The Deal sisters came from a super-tight family. Their father Ed was a physicist at the Wright Patterson air force base; their mother, Ann, was a teacher. The girls grew up singing country songs at truck stops for fun, and Kim was always writing music, but she found it tough to imagine things evolving much beyond that. In Dayton in the mid-’80s, revisionist hair bands counted as cool rock and rollers. “They were doing covers — they would do Pat Benatar but instead of singing, ‘Put another notch in my lipstick case’ they would sing, ‘Put another notch in my guitar case,’” Kim recalls. “I would just think, You don’t have any idea how bad this is. Yet they would never play with me because they wouldn’t demean themselves.” She rolls her eyes.
Kim knew this wasn’t her scene, but it didn’t really occur to her to plan an escape. After high school she hopped from college to college and only wound up moving east — where she eventually met the rest of the Pixies — because “I had married somebody,” she says, with another Daria-worthy eye roll. Her husband was “a friend of my brothers’,” who also worked at the air-force base and happened to be from Boston. When he went back, she went with him. An ad in the Boston Phoenix seeking a “female vocalist for high harmonies, no chops,” cracked her up, so she answered it. Kim’s Pixies bandmates were the first male musicians she’d ever met who were willing to play with her.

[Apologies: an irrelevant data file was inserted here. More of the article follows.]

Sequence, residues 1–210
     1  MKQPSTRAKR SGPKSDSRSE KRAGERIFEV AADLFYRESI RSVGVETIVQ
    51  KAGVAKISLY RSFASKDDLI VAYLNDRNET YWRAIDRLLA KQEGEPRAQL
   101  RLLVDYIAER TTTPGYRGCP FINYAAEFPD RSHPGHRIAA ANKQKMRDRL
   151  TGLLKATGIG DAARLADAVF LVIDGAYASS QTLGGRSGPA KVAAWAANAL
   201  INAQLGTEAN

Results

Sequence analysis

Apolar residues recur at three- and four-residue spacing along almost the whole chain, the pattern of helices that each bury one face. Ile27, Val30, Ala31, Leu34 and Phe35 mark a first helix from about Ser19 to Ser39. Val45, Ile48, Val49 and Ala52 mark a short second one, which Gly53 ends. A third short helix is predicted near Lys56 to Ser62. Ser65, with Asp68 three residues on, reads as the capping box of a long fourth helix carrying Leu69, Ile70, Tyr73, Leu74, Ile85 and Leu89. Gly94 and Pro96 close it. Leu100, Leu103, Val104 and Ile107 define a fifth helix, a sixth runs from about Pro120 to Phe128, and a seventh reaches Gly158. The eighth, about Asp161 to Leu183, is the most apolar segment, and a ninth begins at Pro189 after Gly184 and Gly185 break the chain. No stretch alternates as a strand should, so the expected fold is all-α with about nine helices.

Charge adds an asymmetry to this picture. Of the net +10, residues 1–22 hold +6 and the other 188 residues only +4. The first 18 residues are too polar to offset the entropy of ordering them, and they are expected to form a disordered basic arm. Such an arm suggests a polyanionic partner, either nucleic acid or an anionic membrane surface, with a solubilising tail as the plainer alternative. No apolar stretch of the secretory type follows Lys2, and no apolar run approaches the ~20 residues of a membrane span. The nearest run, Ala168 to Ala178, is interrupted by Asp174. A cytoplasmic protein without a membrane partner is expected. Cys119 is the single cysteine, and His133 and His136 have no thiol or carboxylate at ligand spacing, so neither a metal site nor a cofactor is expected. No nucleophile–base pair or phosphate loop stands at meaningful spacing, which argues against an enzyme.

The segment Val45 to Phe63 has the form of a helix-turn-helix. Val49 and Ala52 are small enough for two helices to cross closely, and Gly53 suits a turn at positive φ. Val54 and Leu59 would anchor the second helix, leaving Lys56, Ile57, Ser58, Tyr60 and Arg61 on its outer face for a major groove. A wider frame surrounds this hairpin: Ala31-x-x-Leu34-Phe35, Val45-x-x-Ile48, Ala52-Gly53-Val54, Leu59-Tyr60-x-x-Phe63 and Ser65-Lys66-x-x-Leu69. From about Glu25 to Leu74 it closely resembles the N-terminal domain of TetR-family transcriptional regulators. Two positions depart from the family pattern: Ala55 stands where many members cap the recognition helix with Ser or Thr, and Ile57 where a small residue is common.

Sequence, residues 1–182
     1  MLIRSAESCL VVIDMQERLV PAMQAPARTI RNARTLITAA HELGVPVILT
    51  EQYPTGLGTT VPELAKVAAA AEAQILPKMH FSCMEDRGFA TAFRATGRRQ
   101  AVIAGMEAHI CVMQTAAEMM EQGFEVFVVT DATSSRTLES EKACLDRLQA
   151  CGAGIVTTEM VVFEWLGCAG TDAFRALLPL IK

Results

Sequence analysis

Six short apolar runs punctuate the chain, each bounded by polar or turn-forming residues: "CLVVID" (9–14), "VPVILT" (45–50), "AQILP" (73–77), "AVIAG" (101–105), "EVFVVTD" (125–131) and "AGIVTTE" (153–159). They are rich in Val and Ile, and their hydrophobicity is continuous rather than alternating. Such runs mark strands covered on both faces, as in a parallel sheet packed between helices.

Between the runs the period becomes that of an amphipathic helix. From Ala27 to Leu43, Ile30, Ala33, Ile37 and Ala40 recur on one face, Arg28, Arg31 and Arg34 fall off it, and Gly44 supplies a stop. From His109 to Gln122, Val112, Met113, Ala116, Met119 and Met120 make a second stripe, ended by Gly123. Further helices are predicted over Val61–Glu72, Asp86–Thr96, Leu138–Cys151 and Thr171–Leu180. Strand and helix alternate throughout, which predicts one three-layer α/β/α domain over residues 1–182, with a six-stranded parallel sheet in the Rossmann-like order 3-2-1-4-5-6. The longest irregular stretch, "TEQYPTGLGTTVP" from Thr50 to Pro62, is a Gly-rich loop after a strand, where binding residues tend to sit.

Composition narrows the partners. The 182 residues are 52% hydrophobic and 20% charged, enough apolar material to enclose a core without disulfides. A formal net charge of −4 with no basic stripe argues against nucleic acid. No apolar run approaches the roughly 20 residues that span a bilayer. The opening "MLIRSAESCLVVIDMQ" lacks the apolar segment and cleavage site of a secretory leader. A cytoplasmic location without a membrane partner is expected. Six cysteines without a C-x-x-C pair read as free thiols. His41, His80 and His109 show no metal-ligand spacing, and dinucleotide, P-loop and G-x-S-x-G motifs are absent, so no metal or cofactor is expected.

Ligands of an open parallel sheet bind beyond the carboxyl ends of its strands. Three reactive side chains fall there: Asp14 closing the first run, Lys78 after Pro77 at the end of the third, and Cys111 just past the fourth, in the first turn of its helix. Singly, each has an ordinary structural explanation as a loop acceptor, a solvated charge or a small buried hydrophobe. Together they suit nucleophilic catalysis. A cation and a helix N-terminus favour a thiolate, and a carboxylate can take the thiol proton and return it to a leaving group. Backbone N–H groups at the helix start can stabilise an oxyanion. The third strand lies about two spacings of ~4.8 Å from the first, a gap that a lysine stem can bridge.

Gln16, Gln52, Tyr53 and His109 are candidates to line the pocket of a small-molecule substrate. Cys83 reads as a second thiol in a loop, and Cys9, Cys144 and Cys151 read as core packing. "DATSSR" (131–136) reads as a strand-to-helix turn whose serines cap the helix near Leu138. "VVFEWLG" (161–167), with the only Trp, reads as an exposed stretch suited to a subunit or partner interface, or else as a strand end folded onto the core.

Kim and Kelley may be the only blood relatives in the band, but the entire Breeders crew is a family. Kim has known Josephine — or Jo, as they call her — since 1988, when Jo’s then band the Perfect Disaster supported the Pixies on tour in the U.K. By that time, Kim had already started messing around with Breeders-destined material, writing songs with the Throwing Muses’ Tanya Donnelly, who was an original member of the band. They thought they might make a dance record because, you know, they both liked to dance.